I've been investing since the late 1980s when I received my free shares in Abbey National BS following their demutualisation. I started this blog in 2013 after moving into early retirement a few years earlier and have since written and self-published several books. Of course, like most small investors, I have had mixed fortunes along the way...last year was my best for actual returns with just over 50% from my green portfolio...this coming year could well be shaping up to be my worst year! But my long term average over the past 20 years is 9% p.a. which, whilst not outstanding, is very acceptable especially compared to returns of less than 2% from cash savings in recent years.
Legendary investor Benjamin Graham suggests "to achieve satisfactory investment results is easier than most people realise; to achieve superior results is harder than it looks".
I thought it might be useful to pass on a few of my thoughts on what I believe it takes to become a half-decent investor. For sure I don't discount all the usual aspects of good practice...a diverse portfolio, keep costs as low as possible, an understanding of market volatility in relation to different asset classes etc. but here are my top three:
For me, this is probably the most important aspect...the ability to know yourself, your ability to evaluate and understand risk, to know what level of market volatility is acceptable. On a personal level, I tend to be fairly unemotional in most aspects of life as a result of being someway along the aspergers spectrum, which is good for investing but not so good for personal relationships! I don't tend to prevaricate so when my I decide on a course of action I will go for it 100 percent.
Are you impulsive or can you play the long game and exercise a high degree of patience? Do you get dispirited and give up when things don't turn out as expected? Does making more and more money from your investments make you happy? On the flip side, would the sudden loss of a large percentage of your investments make you very unhappy?
Some people are natural risk takers and will be well suited to a portfolio of individual shares and a higher weighting to equities. Others are more cautious and will be more comfortable with a more balanced portfolio including a mix of lower volatility assets such as bonds and property.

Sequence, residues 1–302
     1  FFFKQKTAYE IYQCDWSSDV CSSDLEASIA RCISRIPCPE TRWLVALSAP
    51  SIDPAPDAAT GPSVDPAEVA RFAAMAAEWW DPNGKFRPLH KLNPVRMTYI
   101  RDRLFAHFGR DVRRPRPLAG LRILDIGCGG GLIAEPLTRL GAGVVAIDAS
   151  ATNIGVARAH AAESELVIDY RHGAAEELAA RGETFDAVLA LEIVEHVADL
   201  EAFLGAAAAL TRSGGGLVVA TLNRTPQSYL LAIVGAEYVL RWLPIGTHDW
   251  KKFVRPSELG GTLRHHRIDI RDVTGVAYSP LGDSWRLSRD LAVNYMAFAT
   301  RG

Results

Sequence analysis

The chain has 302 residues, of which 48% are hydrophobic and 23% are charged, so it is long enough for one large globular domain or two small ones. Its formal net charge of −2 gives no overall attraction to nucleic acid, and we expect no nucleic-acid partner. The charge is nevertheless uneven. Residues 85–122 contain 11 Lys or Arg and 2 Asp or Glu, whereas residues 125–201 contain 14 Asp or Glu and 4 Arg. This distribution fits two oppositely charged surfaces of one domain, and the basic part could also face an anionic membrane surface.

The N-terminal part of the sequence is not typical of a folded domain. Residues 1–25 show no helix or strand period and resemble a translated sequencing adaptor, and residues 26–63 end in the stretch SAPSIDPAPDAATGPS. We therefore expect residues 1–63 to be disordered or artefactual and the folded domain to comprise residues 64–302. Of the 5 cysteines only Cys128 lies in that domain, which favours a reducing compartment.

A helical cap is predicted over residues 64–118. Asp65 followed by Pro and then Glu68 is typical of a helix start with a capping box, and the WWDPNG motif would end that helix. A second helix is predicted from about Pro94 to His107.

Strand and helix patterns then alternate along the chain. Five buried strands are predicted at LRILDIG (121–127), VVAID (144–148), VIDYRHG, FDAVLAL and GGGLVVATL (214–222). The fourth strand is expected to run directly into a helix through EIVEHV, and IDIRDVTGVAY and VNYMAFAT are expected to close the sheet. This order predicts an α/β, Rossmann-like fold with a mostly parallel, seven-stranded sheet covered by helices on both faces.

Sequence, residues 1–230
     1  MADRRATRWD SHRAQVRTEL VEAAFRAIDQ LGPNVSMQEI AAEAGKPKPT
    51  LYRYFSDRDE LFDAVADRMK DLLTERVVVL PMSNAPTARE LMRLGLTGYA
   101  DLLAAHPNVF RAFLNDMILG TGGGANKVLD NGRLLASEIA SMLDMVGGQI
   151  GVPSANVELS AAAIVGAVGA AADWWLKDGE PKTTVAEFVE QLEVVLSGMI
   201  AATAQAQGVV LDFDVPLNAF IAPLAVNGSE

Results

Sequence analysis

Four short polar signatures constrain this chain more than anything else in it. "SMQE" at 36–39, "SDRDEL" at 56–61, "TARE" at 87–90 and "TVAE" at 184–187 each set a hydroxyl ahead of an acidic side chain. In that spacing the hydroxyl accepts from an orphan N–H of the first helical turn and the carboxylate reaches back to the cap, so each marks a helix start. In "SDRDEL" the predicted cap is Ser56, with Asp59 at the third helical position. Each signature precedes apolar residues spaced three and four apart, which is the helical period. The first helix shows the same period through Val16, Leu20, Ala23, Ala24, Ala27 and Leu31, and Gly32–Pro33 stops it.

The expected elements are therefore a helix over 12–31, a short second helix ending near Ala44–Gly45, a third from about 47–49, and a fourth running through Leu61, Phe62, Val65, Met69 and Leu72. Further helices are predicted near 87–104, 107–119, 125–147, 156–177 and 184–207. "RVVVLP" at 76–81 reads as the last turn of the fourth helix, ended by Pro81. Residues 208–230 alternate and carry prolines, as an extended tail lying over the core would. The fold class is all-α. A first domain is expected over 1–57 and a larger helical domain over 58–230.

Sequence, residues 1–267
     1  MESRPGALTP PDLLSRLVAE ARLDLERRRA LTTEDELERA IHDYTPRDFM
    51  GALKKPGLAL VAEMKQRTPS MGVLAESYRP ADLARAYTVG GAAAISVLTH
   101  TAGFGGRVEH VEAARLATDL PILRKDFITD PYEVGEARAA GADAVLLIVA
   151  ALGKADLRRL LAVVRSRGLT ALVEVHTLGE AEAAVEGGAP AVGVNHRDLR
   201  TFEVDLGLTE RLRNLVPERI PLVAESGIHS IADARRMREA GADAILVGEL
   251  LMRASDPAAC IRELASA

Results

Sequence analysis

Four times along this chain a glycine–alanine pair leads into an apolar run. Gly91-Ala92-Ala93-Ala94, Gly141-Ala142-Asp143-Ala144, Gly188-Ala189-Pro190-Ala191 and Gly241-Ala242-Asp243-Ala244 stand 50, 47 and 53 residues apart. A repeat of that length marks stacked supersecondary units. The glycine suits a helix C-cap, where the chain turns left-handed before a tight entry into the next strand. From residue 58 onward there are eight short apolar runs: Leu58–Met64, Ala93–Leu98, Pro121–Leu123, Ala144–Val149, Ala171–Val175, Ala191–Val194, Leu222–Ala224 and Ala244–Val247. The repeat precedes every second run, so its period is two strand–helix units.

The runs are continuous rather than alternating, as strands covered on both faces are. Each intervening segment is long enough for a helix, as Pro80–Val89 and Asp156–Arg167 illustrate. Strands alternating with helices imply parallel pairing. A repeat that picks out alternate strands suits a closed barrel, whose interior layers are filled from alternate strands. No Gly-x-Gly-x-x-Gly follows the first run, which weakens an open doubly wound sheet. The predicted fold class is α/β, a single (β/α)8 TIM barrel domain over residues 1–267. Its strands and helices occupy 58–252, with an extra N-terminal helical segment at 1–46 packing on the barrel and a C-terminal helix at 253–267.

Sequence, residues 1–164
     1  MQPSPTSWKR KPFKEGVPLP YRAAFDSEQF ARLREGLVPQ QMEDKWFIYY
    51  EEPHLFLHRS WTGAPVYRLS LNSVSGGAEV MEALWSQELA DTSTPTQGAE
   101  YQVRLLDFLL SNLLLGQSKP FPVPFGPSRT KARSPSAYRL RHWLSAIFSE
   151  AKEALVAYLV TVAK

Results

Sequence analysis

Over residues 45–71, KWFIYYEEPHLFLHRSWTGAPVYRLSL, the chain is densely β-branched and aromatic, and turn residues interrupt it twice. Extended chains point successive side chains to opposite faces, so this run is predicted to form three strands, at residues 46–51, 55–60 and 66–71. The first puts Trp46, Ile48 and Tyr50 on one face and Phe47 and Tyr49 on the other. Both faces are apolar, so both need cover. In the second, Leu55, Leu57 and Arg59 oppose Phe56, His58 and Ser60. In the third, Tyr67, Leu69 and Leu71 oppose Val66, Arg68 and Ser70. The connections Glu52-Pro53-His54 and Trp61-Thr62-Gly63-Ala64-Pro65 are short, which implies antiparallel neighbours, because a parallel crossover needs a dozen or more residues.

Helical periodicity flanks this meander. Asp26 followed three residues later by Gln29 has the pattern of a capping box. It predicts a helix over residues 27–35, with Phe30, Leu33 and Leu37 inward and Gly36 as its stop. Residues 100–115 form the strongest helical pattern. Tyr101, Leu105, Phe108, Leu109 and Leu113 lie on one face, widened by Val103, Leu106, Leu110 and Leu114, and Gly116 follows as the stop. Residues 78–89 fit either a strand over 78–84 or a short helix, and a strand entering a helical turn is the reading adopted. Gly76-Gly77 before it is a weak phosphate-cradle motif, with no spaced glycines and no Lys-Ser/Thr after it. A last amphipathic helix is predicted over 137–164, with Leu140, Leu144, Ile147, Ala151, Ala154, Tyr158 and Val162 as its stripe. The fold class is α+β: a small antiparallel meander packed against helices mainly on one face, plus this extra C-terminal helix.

Therefore an appreciation of your psychological make up will be essential in selecting the most suitable asset allocation. We are all different, have individual goals and time frames; we have our individual values and ethical considerations - for me in recent years it has been climate change and therefore a radical shift of strategy to avoid the fossil fuel companies.
The reality is that DIY investing is not for everyone.
"We have seen much more money made and kept by 'ordinary people' who were temperamentally well suited for the investment process than by those who lacked this quality, even though they had an extensive knowledge of finance, accounting, and stock market lore" Warren Buffett.
A Sound Plan and Strategy
With any long term adventure or project, it's always a good idea to have a plan of what you want to achieve and how you are going to get there. When I was starting up a new business venture in the early 1990s, I spent the first 6 months putting together a comprehensive business plan to persuade the bank manager to provide the initial funding followed by a further 6 months of market research before the business was launched.
Successful investing is all about the long term so it is important to have a strategy which will give you the best chance of riding out the inevitable market shake-outs and volatility and to remain 'in the game' for many years. It is therefore essential to develop a plan that meshes well with your temperament and personality and this will influence asset allocation.